Monday, November 10, 2014

Subtext Guilt

I was telling Mike today that I felt like what I was doing is always inadequate. I'm barely keeping up with all the stuff on my todo list.

I'm not keeping up with Boy Scout stuff either. I spent four meetings with a group of boys to work on a merit badge and only two of the ten boys came to me with the little blue cards to sign even though I've reminded them at subsequent meetings at least four times. Even Nick hasn't asked me to sign his little blue card. Mike says they might have to do the work all over again if they lose their worksheets or I forget who did what or both before they arrive with those little blue cards. Not once during the four meetings were the same group of boys there except for Nick. Mike keeps telling me not to push the boys, that they'll realize their mistake at some point and come running to me to finish the merit badge. Yet it's all so demoralizing, this inability to get it finished with any of them.
Over the weekend, I had to sterilize a whole crate of pots and pans from the last campout in September. Everything in it had mildewed. It was so moldy it was hard to breathe, plus, bleach hurts my lungs ever since an unfortunate experience in my chemistry lab in college when the teacher's assistant assumed that everyone in the class understood the definition of 'waft.' It wasn't my job to unload this crate of moldy gear, but I'm the default sterilizer and the one who manages filthy stuff in general. I also haven't managed to run around to get signatures the way Mike asked me to do when he left for camp. It's someone else's job to get these signatures, but that volunteer is out of the country on a business trip, so it has become my job. Default volunteer

Yesterday, I didn't remind Nick to do his chores. I didn't push him to do the extra stuff he could do to earn cash for Christmas either, and I didn't, in fact, get him to do anything away from the television at all. I didn't walk Teddy either. Teddy's due for a walk today, overdue, in fact.

There are appointments I'm procrastinating. I'm over two years late for my mammogram. Who wants to have a mammogram anyway and until recently, I wouldn't have been able to raise my arm high enough to do it because of my shoulder injury. That doesn't account for all two years of being delayed, but I'm using it. It's a good all-around excuse and I'm using it. I'm using it for my delayed colonoscopy too, not to mention that summer was extraordinarily busy and who knows what was going on before that.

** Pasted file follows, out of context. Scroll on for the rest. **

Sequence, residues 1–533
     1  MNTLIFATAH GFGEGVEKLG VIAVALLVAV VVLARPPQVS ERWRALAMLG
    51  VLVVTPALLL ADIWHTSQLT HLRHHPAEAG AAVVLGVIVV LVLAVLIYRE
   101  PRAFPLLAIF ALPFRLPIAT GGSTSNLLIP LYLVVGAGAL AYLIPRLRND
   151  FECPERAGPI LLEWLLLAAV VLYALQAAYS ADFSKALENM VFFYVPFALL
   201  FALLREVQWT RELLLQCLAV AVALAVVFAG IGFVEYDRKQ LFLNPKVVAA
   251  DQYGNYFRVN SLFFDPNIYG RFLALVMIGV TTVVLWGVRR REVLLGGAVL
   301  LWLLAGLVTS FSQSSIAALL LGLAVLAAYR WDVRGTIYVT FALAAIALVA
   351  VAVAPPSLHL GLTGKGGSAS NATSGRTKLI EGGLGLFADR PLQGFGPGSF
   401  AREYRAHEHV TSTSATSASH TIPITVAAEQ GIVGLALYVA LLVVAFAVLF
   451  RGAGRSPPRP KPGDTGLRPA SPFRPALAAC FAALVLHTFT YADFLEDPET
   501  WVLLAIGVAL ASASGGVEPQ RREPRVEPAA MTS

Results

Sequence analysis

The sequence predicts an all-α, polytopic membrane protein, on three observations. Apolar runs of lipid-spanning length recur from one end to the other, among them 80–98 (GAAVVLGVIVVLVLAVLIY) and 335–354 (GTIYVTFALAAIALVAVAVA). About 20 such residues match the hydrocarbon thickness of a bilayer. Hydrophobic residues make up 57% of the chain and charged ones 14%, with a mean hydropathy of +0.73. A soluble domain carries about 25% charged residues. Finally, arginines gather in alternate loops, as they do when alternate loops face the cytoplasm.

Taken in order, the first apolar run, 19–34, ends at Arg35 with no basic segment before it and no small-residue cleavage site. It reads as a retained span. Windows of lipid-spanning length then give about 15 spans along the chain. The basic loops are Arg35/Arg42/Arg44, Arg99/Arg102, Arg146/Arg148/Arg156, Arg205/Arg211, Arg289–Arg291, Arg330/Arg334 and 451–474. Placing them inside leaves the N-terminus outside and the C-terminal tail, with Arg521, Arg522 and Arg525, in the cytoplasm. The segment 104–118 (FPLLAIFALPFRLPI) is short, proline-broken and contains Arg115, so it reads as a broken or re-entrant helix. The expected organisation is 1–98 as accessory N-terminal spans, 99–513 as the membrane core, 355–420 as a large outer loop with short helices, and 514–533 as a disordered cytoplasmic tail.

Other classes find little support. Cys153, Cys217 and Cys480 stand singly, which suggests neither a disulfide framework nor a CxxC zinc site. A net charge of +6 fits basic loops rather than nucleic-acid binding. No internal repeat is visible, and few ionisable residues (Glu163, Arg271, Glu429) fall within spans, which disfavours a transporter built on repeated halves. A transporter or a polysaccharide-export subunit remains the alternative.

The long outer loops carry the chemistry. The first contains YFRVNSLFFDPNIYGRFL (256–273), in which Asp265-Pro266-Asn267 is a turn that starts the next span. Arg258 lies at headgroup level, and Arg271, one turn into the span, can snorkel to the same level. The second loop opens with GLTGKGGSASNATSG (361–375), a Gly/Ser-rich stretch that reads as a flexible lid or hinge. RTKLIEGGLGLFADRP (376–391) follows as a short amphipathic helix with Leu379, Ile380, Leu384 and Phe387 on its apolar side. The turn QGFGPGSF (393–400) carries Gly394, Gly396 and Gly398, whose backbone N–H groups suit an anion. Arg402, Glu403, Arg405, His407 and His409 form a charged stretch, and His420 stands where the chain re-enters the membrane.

I also agreed to write a blurb for the local newspapers about a Boy Scout tree recycling event that will happen after New Year's Day. It's due in two days and I'll have to pass it back and forth in email to get it approved. Who can think that far in advance? Christmas? New Years? I haven't even caught up with birthdays from August! I'm telling you that I'm behind

I haven't called the roofers to get the garage fixed yet. I can't even remember what else I haven't done. See, I have a pile on the dining room table, which is actually in the living room, where all the stuff is put that we don't feel like putting away, or we don't know where away is for that particular item. Okay, I'll admit that I have three piles on the table at this point, most of which is a pet project of mine that I haven't even looked at in over a month. Yes, I need to go through my piles to figure out what I've forgotten to do and what I still have a chance to get done before deadlines pass.

This morning, I was texting Mike that Nick was nervous about doing the flag ceremony in the school assembly today.

"So you stayed for the ceremony? Good," he responded.

"No. I hadn't showered yet. I just met with Jack's wife to get the paperwork he needed to get signed and her son hadn't remembered his uniform." Why do I feel responsible for this kid forgetting his uniform? Why?

"Ah, okay," he replied. I wondered if there was a subtext in that message, the one that said I should have stayed to watch my boy in action. Mike doesn't usually talk in subtext, but I'm well trained, having been raised by a woman who could compliment me with words and make me feel inadequate with her tone of voice at the same time.

"Just my usual bumblings. Not the good mom, if ever. If Nick had asked me to stay, I would have." That's my excuse and I'm sticking with it.

"Oh, okay. Don't sweat it."

"Just feeling inadequate," I said, still feeling pressure about all this huge list of stuff I haven't done.

"That's the normal state of parenting, in case you didn't know. If there were a Hallmark card that said you were doing an adequate job, I'd buy you that card."

I laughed. There is always so much to do and never enough time or other volunteers to do it. I sent back one more note to Mike. I could see him finding a card for me like that. I would either burst into tears upon opening it, or, in the right spirit of things, I'd laugh until I cried and my sides hurt. I'd like to think I would laugh, getting a card like that from Mike, who isn't good at delivering subtext guilt.

"Thank you. I could use a card like that."

Thank you for listening, jb

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